Article II, Section 2, Clause 1:
The President shall be Commander in Chief of the Army and Navy of the United States, and of the Militia of the several States, when called into the actual Service of the United States; he may require the Opinion, in writing, of the principal Officer in each of the executive Departments, upon any Subject relating to the Duties of their respective Offices, and he shall have Power to grant Reprieves and Pardons for Offences against the United States, except in Cases of Impeachment.
The President’s power with regard to the armed forces has long been debated. In defense of executive action in Indochina, the Legal Adviser of the State Department, in a widely circulated document, contended:
Under the Constitution, the President, in addition to being Chief Executive, is Commander in Chief of the Army and Navy. He holds the prime responsibility for the conduct of United States foreign relations. These duties carry very broad powers, including the power to deploy American forces abroad and commit them to military operations when the President deems such action necessary to maintain the security and defense of the United States.
In 1787 the world was a far larger place, and the framers probably had in mind attacks upon the United States. In the 20th century, the world has grown much smaller. An attack on a country far from our shores can impinge directly on the nation’s security. In the SEATO treaty, for example, it is formally declared that an armed attack against Viet Nam would endanger the peace and security of the United States.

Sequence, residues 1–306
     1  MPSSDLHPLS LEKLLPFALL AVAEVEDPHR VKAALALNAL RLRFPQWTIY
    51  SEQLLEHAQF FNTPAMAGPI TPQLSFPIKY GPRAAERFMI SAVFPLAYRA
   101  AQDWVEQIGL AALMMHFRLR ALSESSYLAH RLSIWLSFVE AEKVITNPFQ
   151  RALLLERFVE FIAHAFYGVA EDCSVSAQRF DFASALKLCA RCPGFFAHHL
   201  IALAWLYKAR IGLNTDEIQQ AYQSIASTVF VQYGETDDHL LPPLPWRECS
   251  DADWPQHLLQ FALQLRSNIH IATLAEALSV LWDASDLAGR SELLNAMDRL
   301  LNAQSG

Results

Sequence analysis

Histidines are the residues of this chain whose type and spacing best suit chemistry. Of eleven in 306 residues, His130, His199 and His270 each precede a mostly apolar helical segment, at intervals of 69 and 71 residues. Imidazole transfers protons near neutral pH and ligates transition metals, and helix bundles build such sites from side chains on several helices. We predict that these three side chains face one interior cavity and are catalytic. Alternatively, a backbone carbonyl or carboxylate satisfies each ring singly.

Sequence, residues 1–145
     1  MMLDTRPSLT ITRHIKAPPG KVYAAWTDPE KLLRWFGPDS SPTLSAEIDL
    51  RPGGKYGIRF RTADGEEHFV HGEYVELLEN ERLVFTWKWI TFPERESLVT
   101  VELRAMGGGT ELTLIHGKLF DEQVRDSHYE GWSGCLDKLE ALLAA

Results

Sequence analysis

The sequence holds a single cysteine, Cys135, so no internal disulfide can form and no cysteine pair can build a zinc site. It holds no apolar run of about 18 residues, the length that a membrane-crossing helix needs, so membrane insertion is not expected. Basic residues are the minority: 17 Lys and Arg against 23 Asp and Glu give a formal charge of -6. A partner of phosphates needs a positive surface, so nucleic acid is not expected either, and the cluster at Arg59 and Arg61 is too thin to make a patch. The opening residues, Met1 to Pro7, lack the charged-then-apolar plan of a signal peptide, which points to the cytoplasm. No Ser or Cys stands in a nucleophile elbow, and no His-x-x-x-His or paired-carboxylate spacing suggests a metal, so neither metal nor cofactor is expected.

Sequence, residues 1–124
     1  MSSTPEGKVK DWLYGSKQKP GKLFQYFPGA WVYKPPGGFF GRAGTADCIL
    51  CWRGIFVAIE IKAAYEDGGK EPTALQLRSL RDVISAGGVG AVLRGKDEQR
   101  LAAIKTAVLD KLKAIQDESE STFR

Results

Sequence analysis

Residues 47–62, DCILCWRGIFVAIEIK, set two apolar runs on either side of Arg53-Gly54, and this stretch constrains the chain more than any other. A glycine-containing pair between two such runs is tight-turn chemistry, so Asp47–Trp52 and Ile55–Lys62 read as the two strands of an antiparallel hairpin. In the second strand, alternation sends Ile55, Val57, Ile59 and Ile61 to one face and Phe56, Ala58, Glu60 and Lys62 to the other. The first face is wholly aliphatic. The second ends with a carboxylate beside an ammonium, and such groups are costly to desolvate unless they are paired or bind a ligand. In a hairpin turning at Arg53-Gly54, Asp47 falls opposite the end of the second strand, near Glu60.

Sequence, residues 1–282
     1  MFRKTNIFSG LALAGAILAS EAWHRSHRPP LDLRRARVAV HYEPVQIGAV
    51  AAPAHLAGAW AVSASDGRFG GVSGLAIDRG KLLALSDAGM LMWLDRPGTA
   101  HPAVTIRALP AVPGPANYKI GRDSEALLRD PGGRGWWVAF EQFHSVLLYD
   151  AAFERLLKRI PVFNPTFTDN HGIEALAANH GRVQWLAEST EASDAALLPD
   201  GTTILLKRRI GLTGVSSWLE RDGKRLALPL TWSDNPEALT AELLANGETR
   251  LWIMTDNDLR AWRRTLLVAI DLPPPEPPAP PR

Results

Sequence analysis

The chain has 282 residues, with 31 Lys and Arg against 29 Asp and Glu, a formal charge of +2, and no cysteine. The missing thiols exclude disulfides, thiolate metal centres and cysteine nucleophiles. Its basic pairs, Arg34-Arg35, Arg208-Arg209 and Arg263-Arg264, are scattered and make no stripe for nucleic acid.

Under our Constitution it is the President who must decide when an armed attack has occurred. He has also the constitutional responsibility for determining what measures of defense are required when the peace and safety of the United States are endangered. If he considers that deployment of U.S. forces to South Viet Nam is required, and that military measures against the source of Communist aggression in North Viet Nam are necessary, he is constitutionally empowered to take those measures.1
Opponents of such expanded presidential powers have contended, however, that the authority to initiate war was not divided between the Executive and Congress but was vested exclusively in Congress. The President had the duty and the power to repeal sudden attacks and act in other emergencies, and in his role as Commander in Chief he was empowered to direct the armed forces for any purpose specified by Congress.2 Though Congress asserted itself in some respects, it never really managed to confront the President’s power with any sort of effective limitation, until the 1970s.
- Leonard C. Meeker, The Legality of United States Participation in the Defense of Viet Nam, 54 Dep’t State Bull. 474, 484–485 (1966). See also John N. Moore, The National Executive and the Use of the Armed Forces Abroad, 21 Naval War College Rev. 28 (1969); Quincy Wright, The Power of the Executive to Use Military Forces Abroad, 10 Va. J. Int. L. 43 (1969); Documents Relating to the War Powers of Congress, The President’s Authority as Commander in Chief and the War in Indochina, Senate Committee on Foreign Relations, 91st Congress, 2d sess. (1970), 1 (Under Secretary of State Katzenbach), 90 (J. Stevenson, Legal Adviser, Department of State), 120 (Professor Moore), 175 (Assistant Attorney General Rehnquist).
- E.g., F. Wormuth & E. Firmage, To Chain the Dog of War (1989), F.J. Ely, War and Responsibility: Constitutional Lessons of the Vietnam War and its Aftermath (1993); U.S. Commitments to Foreign Powers: Hearings Before the Senate Committee on Foreign Relations, 90th Cong., 1st sess. 9 (1967) (Bartlett); War Powers Legislation: Hearings Before the Senate Committee on Foreign Relations, 92d Cong., 1st sess. 7 (1971).